• Bloomberg


Prime Minister Shinzo Abe’s inflation drive may get a boost as Nomura Holdings Inc. forecasts as much as $200 billion in foreign asset purchases by Japan’s pension funds will weaken the yen.

Nomura predicts a sell-off of local bonds by the $1.3 trillion Government Pension Investment Fund will weaken the nation’s currency by about ¥10 against the dollar over the next 12 to 18 months, while Mitsubishi UFJ Morgan Stanley Securities Co. estimates an ¥8 slide. GPIF and other public pension funds will shift an additional ¥12.4 trillion into foreign bonds and ¥7.5 trillion into overseas stocks, according to Nomura’s “upside scenario.”

The yen’s 18 percent drop last year helped push inflation to a five-year high in December by increasing the cost of fuel imports. Price growth has since stalled as the yen rebounded and the Bank of Japan refrained from expanding its unprecedented easing. GPIF’s reshuffling may come as early as this month, when Abe delivers his updated growth strategy to the Diet.

“If the GPIF bombshell drops at the right time, dollar-yen could top 110 within this year,” Daisaku Ueno, chief currency strategist at Mitsubishi UFJ Morgan Stanley, said in a recent interview. “With Prime Minister Abe pushing hard for change, and the market expecting something, it’s difficult for GPIF to reply with nothing in June.”

Mitsubishi UFJ Morgan Stanley’s official forecast is for the yen to end the year at ¥108.5 per dollar, with any effect from GPIF revisions being additional to that. Nomura predicts it will weaken to ¥112, including an initial ¥3 to ¥4 from GPIF reallocations. The median estimate of 79 strategists polled by Bloomberg News is for ¥108 per dollar at year-end.

Nomura recommends selling the Japanese currency against a basket of currencies including the U.S. dollar, British pound, Norwegian krona, Mexican peso, and Polish zloty, predicting a return of about 5 percent over three months, according to the bank’s London-based foreign-exchange strategist Yujiro Goto.

“Expectations for a GPIF announcement by the end of this year are quite high, but not for June,” Goto said May 30. “We expect a positive surprise from a June announcement that can send dollar-yen higher,” including an initial gain as high as ¥105, he said.

Japan’s inflation reached 1.3 percent in December, the most since October 2008, and was steady through March. An sales tax hike in April pushed core consumer prices up 3.2 percent that month, a pace of growth unseen since 1991.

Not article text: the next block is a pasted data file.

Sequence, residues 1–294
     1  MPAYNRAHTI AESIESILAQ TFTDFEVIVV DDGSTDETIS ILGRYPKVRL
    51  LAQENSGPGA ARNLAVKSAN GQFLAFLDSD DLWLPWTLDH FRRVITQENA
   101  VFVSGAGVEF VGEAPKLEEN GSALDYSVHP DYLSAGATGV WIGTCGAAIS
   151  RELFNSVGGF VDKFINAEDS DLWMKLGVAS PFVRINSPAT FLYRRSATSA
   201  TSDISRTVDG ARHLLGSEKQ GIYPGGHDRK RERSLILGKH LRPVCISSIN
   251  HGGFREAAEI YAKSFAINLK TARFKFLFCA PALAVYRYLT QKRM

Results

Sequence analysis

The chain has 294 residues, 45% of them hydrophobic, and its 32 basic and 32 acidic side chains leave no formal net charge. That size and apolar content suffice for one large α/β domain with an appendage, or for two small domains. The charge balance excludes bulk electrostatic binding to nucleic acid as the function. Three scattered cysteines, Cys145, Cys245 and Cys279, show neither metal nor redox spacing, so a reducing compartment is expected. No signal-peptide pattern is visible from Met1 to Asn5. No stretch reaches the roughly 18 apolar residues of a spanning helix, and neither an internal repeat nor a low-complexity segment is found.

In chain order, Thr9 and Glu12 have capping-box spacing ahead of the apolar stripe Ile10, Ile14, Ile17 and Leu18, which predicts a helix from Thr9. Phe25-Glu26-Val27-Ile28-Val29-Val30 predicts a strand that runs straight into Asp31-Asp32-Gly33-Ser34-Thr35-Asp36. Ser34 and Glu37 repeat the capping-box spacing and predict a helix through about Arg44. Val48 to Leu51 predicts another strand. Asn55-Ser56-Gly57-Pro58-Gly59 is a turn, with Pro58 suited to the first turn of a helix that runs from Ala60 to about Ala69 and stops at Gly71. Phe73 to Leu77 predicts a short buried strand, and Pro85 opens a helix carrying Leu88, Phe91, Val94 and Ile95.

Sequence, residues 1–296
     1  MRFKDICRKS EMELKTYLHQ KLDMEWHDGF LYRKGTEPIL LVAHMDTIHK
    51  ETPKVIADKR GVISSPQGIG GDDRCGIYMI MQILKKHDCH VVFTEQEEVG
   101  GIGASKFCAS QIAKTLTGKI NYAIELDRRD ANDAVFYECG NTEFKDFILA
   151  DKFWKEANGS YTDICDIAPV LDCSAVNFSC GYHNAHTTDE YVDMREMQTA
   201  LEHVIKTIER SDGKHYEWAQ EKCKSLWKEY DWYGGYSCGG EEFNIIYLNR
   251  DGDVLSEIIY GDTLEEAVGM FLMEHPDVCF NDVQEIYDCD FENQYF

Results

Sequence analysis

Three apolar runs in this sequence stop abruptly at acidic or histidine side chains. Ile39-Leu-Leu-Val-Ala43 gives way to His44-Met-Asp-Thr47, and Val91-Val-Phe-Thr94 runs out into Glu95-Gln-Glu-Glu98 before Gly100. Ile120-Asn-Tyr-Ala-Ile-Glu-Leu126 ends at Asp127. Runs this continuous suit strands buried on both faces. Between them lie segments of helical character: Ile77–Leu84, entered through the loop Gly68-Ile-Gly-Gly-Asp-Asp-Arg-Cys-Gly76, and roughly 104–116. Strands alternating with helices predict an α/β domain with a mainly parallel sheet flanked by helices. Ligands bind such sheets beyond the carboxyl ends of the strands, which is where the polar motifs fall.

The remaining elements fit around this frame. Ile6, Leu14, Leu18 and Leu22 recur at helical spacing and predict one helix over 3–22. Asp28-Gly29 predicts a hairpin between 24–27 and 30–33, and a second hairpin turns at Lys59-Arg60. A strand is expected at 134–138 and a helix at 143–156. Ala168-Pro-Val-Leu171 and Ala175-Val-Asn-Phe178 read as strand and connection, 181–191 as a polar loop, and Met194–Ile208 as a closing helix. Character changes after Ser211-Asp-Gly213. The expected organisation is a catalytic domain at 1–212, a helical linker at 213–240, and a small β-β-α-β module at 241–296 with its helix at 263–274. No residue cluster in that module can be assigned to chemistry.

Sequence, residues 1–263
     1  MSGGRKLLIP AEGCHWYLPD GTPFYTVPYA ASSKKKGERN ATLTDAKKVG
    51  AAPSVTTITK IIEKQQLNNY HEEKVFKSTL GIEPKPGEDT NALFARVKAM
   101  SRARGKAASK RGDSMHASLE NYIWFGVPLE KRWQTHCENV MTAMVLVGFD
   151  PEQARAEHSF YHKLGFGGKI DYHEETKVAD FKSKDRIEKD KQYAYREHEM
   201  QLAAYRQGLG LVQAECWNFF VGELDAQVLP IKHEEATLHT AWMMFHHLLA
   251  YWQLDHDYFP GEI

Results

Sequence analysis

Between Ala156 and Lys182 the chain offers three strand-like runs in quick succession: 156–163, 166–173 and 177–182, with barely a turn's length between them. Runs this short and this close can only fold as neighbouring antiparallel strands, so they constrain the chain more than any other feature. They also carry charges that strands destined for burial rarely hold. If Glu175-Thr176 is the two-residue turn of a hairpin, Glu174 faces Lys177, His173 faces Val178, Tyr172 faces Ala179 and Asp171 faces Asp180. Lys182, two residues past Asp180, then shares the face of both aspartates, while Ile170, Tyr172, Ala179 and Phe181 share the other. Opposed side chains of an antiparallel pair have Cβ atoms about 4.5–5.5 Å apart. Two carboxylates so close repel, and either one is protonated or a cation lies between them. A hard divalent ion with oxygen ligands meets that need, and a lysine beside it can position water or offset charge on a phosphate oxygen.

GPIF is under pressure to boost returns as pension payouts surge for the world’s oldest population. The fund is waiting for the results of a five-yearly health ministry review of its portfolio allocations. Japan’s benchmark 10-year bond yield has dropped 15½ basis points, or 0.155 percentage point, this year to 0.58 percent, the world’s lowest.

The fund will probably cut its local bond holding target to 40 percent from 60 percent of assets, according to the majority of respondents in a separate Bloomberg survey of 10 fund managers, strategists and economists last month. It will raise targets for foreign stocks to 17 percent and foreign bonds to 14 percent, from 12 percent and 11 percent respectively, the median of estimates says.

“Even with forecasts for additional BOJ easing getting pushed back, dollar-yen is being supported above the 100 level by expectations that GPIF will expand holdings of foreign assets,” Manabu Tamaru, a fund manager who helps oversee about ¥500 billion of fixed-income assets at Baring Asset Management Japan Ltd., said last week. Baring predicts GPIF will reduce domestic bond holdings to 35 percent, the most aggressive cut among the survey’s respondents.

This would be only the second time in its history that GPIF has altered its portfolio. The fund raised allocations to foreign stocks from 9 percent and foreign bonds from 8 percent on June 7 last year.

Japanese investors may have begun acting before the expected changes at GPIF. They were net buyers of foreign bonds for a fifth week in the period ended May 23, the longest streak this year, according to Finance Ministry data.

“The allocation will have an impact on the exchange rate, especially as part of the government’s more aggressive growth policy, it would be the first time to see specific numbers,” said Akio Kato, the team leader of Japanese debt in Tokyo at Kokusai Asset Management Co. “It will be interesting to see the reaction of overseas investors.”